This course examines the nature and scope of American constitutional principles as developed in history: the philosophical foundations of individual rights, modern civil rights law, federalism, the jurisdiction of the federal courts, the separation of powers, executive power in foreign and domestic policy, the taxing power, and the commerce power.
This course will employ the case method of law school, but will also incorporate methods and perspectives seldom found in law schools today, namely, understanding the nature of constitutional interpretation as it emerged from the natural law and English common law traditions, how the art of jurisprudence has evolved and become controversial in modern times, and how the other two branches of the federal government have affected our understanding of the Constitution. The course will seek to illuminate the myriad aspects of the Constitution in an unusual way: we’re going to read it like a book.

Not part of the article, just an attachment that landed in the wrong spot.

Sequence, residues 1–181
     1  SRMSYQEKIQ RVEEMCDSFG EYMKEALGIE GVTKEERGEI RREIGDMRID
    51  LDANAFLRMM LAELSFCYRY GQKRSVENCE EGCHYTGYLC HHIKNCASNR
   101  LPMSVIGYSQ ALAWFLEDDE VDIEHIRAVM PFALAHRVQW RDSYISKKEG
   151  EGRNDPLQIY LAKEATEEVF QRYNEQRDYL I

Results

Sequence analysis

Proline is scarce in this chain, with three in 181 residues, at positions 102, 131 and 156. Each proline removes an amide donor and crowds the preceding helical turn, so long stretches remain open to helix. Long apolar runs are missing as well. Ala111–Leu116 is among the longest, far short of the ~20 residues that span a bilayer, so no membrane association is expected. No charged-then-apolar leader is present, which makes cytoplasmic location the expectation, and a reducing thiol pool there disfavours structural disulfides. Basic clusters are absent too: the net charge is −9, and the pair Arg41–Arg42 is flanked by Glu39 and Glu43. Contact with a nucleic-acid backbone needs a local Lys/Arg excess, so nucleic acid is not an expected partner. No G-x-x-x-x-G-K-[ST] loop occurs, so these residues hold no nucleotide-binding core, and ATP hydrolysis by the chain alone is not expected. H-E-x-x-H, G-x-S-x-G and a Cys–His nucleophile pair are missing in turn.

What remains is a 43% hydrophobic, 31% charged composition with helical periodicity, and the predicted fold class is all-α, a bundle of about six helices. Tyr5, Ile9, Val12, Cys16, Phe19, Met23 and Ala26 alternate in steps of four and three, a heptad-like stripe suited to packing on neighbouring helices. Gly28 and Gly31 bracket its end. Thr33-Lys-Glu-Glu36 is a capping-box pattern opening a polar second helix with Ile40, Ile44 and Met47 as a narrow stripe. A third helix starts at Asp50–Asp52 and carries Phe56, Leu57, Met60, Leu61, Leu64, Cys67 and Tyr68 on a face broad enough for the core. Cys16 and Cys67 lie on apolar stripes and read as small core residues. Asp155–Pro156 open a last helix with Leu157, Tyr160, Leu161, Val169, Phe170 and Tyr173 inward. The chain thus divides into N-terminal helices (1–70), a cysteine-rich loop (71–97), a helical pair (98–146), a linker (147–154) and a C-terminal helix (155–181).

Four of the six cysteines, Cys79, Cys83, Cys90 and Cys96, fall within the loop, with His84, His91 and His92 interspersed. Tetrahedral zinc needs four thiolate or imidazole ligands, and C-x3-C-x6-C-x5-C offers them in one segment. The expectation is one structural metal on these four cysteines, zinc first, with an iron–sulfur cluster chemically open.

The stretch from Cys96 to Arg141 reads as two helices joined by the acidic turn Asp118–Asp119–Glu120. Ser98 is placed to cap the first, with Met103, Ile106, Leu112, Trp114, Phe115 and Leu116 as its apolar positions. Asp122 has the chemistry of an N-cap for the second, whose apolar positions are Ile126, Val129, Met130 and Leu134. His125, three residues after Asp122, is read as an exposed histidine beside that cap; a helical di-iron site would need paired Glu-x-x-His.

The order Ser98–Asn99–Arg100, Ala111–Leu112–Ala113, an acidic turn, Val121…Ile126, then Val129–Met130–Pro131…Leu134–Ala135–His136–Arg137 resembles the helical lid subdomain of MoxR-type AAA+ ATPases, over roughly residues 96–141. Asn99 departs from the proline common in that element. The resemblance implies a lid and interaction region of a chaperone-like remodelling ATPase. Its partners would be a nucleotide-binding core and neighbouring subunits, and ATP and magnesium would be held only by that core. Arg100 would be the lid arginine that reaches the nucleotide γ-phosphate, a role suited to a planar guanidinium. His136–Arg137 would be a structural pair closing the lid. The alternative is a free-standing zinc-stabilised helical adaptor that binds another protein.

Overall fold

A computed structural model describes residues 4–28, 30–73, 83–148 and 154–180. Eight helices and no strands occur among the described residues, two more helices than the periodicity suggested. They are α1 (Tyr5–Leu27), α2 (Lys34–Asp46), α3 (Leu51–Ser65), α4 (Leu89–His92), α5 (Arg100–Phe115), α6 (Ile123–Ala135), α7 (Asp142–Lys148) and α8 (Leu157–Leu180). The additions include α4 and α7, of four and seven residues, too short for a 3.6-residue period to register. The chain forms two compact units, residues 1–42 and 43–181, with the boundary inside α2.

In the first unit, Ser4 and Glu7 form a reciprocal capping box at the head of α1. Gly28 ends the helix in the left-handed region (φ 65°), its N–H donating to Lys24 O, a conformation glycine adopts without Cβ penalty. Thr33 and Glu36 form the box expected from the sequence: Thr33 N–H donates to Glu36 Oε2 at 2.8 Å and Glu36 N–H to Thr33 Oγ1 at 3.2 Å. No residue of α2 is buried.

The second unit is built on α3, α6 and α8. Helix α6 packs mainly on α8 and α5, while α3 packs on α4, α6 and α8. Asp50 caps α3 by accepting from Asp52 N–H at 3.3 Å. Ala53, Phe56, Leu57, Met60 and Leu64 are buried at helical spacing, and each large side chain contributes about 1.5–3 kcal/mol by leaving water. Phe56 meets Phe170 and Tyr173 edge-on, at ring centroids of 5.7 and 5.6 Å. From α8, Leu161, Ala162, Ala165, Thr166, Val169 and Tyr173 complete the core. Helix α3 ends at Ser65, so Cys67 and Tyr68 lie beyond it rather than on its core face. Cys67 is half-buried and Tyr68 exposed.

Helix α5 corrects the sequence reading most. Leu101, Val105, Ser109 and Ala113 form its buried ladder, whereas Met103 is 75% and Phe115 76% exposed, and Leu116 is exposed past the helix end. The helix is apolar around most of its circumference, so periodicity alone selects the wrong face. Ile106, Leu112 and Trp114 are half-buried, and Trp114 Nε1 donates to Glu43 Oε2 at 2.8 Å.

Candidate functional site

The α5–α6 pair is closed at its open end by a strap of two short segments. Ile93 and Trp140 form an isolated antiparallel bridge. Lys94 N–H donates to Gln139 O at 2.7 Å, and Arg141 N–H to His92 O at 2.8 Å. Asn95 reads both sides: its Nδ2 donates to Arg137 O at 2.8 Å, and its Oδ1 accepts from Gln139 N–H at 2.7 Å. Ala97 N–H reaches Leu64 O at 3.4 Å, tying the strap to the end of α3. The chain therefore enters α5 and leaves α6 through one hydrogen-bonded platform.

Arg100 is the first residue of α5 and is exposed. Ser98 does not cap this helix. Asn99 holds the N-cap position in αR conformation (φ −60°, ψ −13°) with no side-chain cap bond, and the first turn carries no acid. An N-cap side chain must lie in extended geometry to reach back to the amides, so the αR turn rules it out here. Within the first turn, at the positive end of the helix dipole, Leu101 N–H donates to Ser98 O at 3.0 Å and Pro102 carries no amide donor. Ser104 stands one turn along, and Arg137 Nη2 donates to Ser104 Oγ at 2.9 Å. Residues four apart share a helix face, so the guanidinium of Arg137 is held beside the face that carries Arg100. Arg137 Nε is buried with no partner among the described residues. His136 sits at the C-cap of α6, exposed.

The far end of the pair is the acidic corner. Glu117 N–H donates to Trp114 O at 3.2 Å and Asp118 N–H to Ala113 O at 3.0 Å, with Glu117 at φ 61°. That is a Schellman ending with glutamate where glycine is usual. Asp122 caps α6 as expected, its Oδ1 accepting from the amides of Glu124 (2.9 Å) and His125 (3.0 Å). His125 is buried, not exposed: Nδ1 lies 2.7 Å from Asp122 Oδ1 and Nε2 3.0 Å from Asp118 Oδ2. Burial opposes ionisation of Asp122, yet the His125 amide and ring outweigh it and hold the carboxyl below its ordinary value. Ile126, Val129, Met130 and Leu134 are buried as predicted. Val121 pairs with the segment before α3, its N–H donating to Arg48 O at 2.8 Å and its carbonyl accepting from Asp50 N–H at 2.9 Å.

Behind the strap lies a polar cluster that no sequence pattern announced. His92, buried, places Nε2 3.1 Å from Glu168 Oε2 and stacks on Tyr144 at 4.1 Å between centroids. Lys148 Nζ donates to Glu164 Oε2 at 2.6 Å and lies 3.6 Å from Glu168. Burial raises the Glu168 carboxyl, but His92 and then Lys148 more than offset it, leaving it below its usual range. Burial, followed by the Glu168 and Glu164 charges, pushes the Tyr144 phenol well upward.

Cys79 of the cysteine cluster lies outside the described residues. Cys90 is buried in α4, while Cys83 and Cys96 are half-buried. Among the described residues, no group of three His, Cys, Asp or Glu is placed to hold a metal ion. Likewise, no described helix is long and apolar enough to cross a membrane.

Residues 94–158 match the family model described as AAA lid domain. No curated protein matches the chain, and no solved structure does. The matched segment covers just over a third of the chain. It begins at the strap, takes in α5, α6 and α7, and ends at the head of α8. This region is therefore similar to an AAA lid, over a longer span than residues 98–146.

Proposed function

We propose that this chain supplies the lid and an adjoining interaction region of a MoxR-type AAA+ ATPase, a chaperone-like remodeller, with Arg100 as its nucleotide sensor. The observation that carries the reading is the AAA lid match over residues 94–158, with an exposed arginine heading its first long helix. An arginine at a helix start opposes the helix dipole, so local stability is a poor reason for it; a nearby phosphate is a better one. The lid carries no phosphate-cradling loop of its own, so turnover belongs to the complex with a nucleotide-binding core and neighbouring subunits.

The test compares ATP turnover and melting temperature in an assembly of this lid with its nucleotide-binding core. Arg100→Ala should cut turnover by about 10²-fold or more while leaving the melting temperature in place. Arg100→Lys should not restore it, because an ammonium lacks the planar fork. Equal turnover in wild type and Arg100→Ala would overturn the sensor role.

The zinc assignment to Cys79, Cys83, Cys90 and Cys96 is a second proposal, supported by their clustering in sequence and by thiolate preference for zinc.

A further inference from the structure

Among key questions the course shall consider include: How does the work of judges differ from that of elected officials? What principles ought to guide judges in interpreting the law? Was the establishment of “judicial review” a logical corollary of having a written constitution, as Chief Justice John Marshall argued, or was it a “power grab” by a Federalist-dominated federal judiciary? What role do the political branches play in interpreting the Constitution, and to what extent should judges defer to their constitutional judgments? What is the proper balance between national powers delegated by the Constitution and the powers reserved to the states by the same document? What is the “police power,” and how it is inferred from the logic of the Constitution? Above all, is it necessary to go beyond the Constitution to understand it?
Instructor: Steven F. Hayward